To accomplish the desired heat input to the heat exchanger 26, the sensor 55 is connected to a modulating valve 58. Modulating valves such as the valve 58 are well known in the art so no detailed description is thought to be necessary. In general, the desired temperature is set at the valve 58; and, as the temperature varies from the preset temperature, the valve 58 will gradually close or gradually open to change the amount of gas fed to the burner 59 so the amount of heat put into the heat exchanger 26 is varied only slightly when there is a small change in the demand for heat. For a large heat demand, such as potato chips, the burner 59 may become fully open to replace the heat removed from the oil; but, for a small heat demand, such as peanuts, the burner 59 may be almost off. The important feature is that the heat input is varied gradually to match the heat required to maintain the oil at a constant, preset, temperature.
Those skilled in the art will also understand that a similar arrangement can be used for an electrical heating system. Conventional Calrod electrical heating elements can be placed into the pipes comprising the heat exchanger 26, and the sensor 55 can provide an input to cause a variation in a potentiometer to change the voltage on the heating elements as required by the heating load. This would effect variations in heat input into the heat exchanger 26 to make the necessary adjustments in oil temperature.
To appreciate the foregoing description, one must consider that the conventional heating means provides a source of heat such as a gas burner or an electric heating element, and the source of heat is either "on" or "off". The thermostat to control the temperature is usually designed with rather wide variation; so, when the thermostat finally closes, the oil is at a very low temperature, relatively speaking. When the heating means is turned on, the heat transfer surfaces will become heated to a very high temperature in an effort to raise the oil temperature as quickly as possible. This causes oil degradation as was previously discussed.
The present invention therefore solves the ultimate problems by providing the rapid oil flow, and sensing the temperature of the main stream of oil. When the temperature of the oil is only a little lower than desired (2° F., or 1° C.) the burner will be turned on, but will provide only a small amount of heat. If the preset temperature is not reached, the burner will become higher until the heat input is substantially equal to the heat use. Conversely, as the oil is being heated, and the temperature approaches the desired temperature, the amount of heat being put into the heat exchanger is decreased. The result is both greater energy efficiency and less oil degradation.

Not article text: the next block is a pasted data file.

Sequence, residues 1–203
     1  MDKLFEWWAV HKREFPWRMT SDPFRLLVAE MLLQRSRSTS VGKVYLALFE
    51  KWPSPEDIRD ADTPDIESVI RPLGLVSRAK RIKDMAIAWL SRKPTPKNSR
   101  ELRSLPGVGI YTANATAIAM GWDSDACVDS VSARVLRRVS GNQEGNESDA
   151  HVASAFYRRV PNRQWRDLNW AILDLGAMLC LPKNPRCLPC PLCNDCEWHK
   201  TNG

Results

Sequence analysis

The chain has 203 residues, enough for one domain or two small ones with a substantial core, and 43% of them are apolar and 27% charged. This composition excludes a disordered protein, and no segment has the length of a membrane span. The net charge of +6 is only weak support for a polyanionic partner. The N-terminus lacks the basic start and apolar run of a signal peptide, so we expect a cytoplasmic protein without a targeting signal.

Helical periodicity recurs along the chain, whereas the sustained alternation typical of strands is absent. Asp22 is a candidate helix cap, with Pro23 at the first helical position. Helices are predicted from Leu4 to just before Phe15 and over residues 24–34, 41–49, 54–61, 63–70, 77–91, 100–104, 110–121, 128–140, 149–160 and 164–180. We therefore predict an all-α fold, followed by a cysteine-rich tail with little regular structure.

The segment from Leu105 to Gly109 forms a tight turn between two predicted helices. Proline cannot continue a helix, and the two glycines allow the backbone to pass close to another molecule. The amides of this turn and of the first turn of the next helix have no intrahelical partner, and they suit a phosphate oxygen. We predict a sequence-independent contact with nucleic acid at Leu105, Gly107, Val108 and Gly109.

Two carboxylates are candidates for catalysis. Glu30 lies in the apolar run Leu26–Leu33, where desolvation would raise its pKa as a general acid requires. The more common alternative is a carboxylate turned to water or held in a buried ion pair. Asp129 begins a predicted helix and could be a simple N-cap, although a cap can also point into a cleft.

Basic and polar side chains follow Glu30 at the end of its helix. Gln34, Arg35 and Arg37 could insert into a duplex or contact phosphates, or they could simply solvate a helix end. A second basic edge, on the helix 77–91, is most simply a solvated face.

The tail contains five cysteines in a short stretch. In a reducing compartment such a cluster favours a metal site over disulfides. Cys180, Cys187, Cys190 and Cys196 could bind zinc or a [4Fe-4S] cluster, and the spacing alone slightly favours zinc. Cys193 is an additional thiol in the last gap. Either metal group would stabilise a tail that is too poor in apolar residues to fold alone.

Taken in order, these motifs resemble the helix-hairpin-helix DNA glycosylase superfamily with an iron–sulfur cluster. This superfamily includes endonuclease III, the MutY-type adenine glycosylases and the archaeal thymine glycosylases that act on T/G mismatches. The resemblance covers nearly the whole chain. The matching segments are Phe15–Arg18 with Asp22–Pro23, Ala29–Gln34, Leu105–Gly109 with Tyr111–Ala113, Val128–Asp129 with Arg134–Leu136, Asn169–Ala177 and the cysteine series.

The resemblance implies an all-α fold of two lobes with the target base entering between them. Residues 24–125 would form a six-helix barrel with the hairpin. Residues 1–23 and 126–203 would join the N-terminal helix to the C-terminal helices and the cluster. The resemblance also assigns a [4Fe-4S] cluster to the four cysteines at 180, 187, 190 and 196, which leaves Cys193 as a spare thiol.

The oil passes through the heat exchanger 26 and is raised to the desired temperature. The oil then leaves the heat exchanger 26 through the pipe 68. The pipe 68 supplies oil to the transverse pipe section 69 which in turn supplies oil to the two input manifolds 28 and 28'. Also, it will be seen that the pipe 27 is connected to the transverse pipe section 69 so the pipe 27 receives oil at high pressure. Of course, the relatively small diameter of the pipe 27 causes an increased velocity of oil for sweeping out the drain slot 21.
Though many forms of shelf 31 may be provided in the drum 29 made in accordance with the present invention, one such structure is shown in FIG. 6 of the drawings. Here it will be seen that there is a rod 60 extending between the side plates 32 of the drum 29, and a lip 61 is fixed to the hub 30. The shelf 31 includes a generally flat portion 62 having a flange 64 that is concave towards the rod 60. The metal for the shelf 31 will preferably be of stainless steel or a similar substance that will have sufficient spring properties that one end will be tucked under the lip 61, the main body 62 can be bowed to allow the flange 64 to pass over the pin 60; then, the portion 62 can be straightened so that the pin 60 is within the concavity of the flange 64. The shelf 31 will therefore be held between the rod 60 and the lip 61. Such an arrangement may be desirable because the shelves 31 will be easily removable so the entire drum 29 and shelves 31 can be cleaned for sanitary operation.
Attention is now directed to FIG. 5 of the drawings for a further discussion of the control of the fryer. FIG. 5 is a schematic representation of the fryer, and shows the oil circulation system and the heating means.
It will be seen that the pump 25 discharges through the pipe 52 into the filter 24, and oil leaves the filter 24 through the pipe 54. If a sufficient quantity of oil is flowing in the system, it will be understood that the pipe 54 will be maintained at a predetermined pressure. If the filter 24 is blocked, or for another reason the pressure is too low, the low pressure will be detected by a pressure switch which is connected to the control box 70.
Low pressure in the pipe line indicates that oil may not be moving through the heat exchanger 26 fast enough to prevent degradation of the oil. Thus, the control box 70 is arranged to operate the valve 71 to cut off the gas burner 59. It is also contemplated that a signal means will be energized to inform the fryer operator that there is a problem.
The sensor 55 has previously been discussed, and it will be seen in FIG. 5 of the drawings that the sensor 55 is connected to the modulating valve 58 to control the valve for the required heat input. The sensor 56 in the input manifold 28' is provided to detect excess temperatures, and the sensor 56 is here indicated as connected to the control box 70. Thus, if the temperature of the oil exceeds a predetermined temperature, the sensor 56 will detect the excess temperature, and cause the control box 70 to close the valve 71 to cut off the burner 59. Again, a signal means may be energized to indicate that there is a problem.